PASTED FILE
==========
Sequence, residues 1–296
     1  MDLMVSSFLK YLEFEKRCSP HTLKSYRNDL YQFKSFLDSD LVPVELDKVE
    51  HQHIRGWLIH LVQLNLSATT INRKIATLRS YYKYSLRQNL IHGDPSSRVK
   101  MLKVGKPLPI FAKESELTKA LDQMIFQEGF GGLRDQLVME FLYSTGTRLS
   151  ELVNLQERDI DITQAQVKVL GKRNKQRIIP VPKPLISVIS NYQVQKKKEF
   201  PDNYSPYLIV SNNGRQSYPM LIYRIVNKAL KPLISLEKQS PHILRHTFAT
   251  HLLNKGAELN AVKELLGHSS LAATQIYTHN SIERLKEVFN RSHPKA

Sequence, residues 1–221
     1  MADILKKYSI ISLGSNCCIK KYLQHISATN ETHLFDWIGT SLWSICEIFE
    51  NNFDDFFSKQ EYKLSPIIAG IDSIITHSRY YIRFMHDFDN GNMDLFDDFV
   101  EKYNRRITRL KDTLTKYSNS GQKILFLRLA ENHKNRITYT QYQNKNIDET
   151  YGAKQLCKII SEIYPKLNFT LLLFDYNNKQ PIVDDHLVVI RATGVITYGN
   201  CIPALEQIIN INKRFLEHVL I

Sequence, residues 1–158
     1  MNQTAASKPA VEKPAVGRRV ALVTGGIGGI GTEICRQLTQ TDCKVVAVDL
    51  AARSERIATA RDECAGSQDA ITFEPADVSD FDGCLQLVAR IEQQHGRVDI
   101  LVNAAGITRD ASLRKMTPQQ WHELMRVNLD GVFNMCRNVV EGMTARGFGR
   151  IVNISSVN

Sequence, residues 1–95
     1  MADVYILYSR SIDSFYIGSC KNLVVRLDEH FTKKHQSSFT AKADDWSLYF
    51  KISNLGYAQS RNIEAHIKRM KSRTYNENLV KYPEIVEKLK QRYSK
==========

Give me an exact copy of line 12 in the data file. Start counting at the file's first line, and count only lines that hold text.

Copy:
   151  YGAKQLCKII SEIYPKLNFT LLLFDYNNKQ PIVDDHLVVI RATGVITYGN